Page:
The edition of the works of Justin Martyr I read (see above) included the following: -The First Apology -The Second Apology -Dialogue with Trypho, a Jew -The Discourse to the Greeks -Hortatory Address to the Greeks -On the Sole Government of God -On the Resurrection, Fragments -Other Fragments -Martyrdom As the editor points out, it is very likely that only the first three are genuinely the writings of Justin Martyr, so I'll keep the bulk of my reviews focused on those. This leads into the second point of the Apology: that Christianity is the true religion because it alone embodies true Reason. Justin ends with a description of the Christian worship service (reading of Scripture, the sermon, prayer, the Lord's Supper, and the offering), including the sacraments (baptism and the Lord's Supper). This time, he argues that it is wrong to persecute Christians not only because they are obedient to the law, but because they cling to Christ, who is Reason embodied. Christians are so unafraid of death that the threat of it cannot force them to give up their allegiance to the Word of God. Justin's conclusion: Henceforth we shall be silent, having done as much as we could, and having added the prayer that all men everywhere may be counted worthy of the truth. 2) Justin's thoughts on philosophy and the relationship between faith and reason. Then they are of some value and should be approved; if they are devoid of philosophy and not connected with it in any way, they then become base and coarse pursuits to those who practice them." Dialogue with Trypho is Justin's attempt to prove to the Jews that Christ is the truth, just as his Apologies are his attempts to prove the same to the Greeks. Thus, Justin concludes the dialogue I can wish you no greater blessing than this, gentlemen, that, realizing that wisdom is given to every man through this way the Gospel, you also may one day come to believe entirely as we do that Jesus is the Christ of God. The Discourse to the Greeks/Hortatory Address to the Greeks/On the Sole Government of God Since these three works are probably spurious (maybe even post-Nicene documents), I'll quickly summarize them and move on: In the Discourse and Address, Justin highlights the strengths and weaknesses of the pagan writers. In pagan writings, Justin argues, you can see shadows and glimmers of the truth of the coming Messiah. They work best as signposts pointing to Jesus, which, once used, are left behind (my example, not Justin's). Justin ends with a challenge to return to the worship of the one true God. Fragments of the Lost Work of Justin on the Resurrection/Other Fragments Most of these are probably not really by Justin, which is unfortunate since there's some good material here. The Other Fragments are mostly bits and pieces drawn from either other ancient writers or marginalia (notes by ancient editors left in the margins of editions of Justin's works). Overall, these readings are a fascinating look at the early church, and how it really is a preview of the coming debates within Christianity.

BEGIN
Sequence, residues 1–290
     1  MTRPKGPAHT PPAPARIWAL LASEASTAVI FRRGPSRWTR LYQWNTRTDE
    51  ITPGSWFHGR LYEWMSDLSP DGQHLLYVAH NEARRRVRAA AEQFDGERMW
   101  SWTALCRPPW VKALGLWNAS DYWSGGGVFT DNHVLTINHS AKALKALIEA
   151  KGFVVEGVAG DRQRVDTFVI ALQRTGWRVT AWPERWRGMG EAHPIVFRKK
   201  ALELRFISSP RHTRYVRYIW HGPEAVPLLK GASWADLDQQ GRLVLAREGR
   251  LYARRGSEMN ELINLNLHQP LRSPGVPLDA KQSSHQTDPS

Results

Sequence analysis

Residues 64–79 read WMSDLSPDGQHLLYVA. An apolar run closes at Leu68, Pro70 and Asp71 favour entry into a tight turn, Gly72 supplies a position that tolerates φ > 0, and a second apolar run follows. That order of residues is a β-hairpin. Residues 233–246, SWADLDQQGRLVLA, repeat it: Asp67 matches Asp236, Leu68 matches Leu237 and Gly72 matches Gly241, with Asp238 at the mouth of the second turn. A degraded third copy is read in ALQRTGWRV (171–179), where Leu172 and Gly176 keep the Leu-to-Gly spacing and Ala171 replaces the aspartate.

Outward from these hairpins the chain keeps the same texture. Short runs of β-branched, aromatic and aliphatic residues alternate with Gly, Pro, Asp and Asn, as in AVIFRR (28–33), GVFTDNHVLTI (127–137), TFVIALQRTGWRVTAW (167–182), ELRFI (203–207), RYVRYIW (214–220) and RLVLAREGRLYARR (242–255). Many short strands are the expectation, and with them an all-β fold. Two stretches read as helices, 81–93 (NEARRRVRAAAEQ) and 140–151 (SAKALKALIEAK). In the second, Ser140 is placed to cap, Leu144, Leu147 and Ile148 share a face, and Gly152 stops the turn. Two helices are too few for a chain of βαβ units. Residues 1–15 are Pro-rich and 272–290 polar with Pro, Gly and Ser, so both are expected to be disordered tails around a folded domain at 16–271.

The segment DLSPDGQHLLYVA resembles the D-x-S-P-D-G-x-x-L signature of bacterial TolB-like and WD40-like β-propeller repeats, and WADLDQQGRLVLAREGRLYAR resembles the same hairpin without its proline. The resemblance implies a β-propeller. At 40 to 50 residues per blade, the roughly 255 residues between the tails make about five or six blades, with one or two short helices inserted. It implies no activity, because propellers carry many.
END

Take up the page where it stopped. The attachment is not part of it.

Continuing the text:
In his extant works, St. Justin defends the Christian faith against the Romans, the Greek and the Jews. In his two apologies addressed to the Roman emperor himself, St. Justin lays out the case for tolerating the Christian faith and ending the persecutions. I would highly recommend the works of St. Justin Martyr for any Christian who wants to better understand how to defend the Christian faith against secular and cultural objections.
"Justin Martyr, also known as Saint Justin (c.100 165 CE), was an early Christian apologist, and is regarded as the foremost interpreter of the theory of the Logos in the 2nd century.